Of the 19 aircraft on the mission, eight either crashed or were shot down, but it was considered a price worth paying. In addition to the dams, seven railway bridges, 18 road bridges, four water-turbine power stations and three steam-turbine power stations were destroyed, while in the Ruhr Valley alone, 11 factories were obliterated and a further 114 damaged, many severely. The destruction of the dams struck a huge psychological blow against the Germans.. These were structures that were venerated as triumphs of the country’s might and technical knowhow.
The raid was indeed a catastrophe for Nazi Germany, and a Triumph for the British.
Remembering Bomber Command ..
The Allied bombing of German cities was in retaliation for the decision by Hitler to blitz Rotterdam on May 14, 1940. The losses of Bomber Command were greater than those of any other service – accounting for ten per cent of all British fatalities.
The average age of the crews was just 22 and the youngest were only 18.
Three out of every five airmen became casualties, with 55,573 men killed, 8,403 wounded and 9,838 captured as prisoners of war.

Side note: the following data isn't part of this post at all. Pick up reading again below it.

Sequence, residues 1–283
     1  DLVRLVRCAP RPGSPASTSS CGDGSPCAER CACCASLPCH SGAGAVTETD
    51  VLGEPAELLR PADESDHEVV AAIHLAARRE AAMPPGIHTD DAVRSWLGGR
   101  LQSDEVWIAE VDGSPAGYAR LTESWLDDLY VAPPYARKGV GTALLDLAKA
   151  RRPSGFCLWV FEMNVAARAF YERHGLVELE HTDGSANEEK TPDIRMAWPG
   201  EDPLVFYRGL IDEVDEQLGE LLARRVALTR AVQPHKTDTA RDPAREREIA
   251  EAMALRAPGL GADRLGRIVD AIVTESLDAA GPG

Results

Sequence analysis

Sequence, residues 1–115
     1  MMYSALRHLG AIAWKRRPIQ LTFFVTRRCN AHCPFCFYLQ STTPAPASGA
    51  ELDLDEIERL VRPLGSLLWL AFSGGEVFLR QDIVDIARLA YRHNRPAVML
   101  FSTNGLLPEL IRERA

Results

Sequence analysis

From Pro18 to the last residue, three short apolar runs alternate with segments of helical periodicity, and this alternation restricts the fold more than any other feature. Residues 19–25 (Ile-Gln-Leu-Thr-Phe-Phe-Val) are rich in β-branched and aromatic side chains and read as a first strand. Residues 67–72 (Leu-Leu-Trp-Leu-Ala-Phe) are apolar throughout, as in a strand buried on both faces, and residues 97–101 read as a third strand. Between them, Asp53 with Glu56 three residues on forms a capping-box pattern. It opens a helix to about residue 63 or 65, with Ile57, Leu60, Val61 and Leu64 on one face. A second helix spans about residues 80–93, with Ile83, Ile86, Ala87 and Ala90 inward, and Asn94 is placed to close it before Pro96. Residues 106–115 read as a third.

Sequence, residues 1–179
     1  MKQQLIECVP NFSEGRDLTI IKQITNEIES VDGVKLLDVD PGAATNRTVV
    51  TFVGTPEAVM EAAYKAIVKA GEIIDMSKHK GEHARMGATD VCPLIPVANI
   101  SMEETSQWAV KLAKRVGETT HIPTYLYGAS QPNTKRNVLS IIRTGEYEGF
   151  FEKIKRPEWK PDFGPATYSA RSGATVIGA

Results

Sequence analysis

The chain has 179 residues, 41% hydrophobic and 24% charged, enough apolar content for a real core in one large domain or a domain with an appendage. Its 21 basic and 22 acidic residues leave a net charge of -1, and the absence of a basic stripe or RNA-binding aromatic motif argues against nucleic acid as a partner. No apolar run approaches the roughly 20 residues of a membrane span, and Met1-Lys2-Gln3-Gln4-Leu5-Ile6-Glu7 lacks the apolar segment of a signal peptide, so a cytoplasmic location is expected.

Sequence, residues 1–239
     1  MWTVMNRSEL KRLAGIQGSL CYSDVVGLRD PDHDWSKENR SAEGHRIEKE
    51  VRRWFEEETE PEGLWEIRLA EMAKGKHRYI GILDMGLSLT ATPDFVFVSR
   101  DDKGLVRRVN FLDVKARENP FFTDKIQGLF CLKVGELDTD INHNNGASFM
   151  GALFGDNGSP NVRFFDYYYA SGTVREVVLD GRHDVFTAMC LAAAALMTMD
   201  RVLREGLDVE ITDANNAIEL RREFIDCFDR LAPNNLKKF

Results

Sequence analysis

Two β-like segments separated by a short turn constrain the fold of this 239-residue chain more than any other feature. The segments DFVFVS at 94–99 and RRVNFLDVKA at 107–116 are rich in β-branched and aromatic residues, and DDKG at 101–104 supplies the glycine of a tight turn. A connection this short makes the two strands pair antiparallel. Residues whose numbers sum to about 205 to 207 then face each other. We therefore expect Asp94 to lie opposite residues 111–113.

About half of those who died have no known grave.
Research Into Creating A Super Soldier ..
The U.S. Defence Advanced Research Projects Agency (DARPA) has a $2 billion yearly budget for research into creating a super solider as well as developing a synthetic police force. Working with the human genome, DARPA hopes to manipulate certain gene expressions. In experimentation, DARPA and the military industrial pharmaceutical complex are using natural abilities that are enhanced through genetic engineering. Some of the medical feats DARPA would like to enhance are the ability of military soldiers to regrow limbs destroyed in battle. By eliminating empathy, the Department of Defence hopes to “enhance” a soldier’s ability to “kill without care or remorse, shows no fear, can fight battle after battle without fatigue and generally behave more like a machine than a man”. Scientists are researching the construction of soldiers that feel no pain, terror and do not suffer from fatigue as tests on the wiring of the human brain are furthered by Jonathan Moreno, professor of bioethics at Pennsylvania State University. Moreno is working with the Department of Defence in understanding neuroscience. The Pentagon allocated $400 million to this research.
( Occupy Corporation, 25.09.2012 )
One Billion People Have No Access To Sustainable Energy ..
More than one billion people – one in five human beings on the planet – don’t have access to sustainable energy. They are working and studying in the dark. They are cooking and heating their homes using dung or kerosene, breathing in toxic smoke that causes lung disease and kills nearly two million people a year. Most of them are women and children. In Uganda, where access to power is limited, doctors have to deliver babies in the dark, performing C-sections by candlelight.
( Mike Shinoda, August 2012 )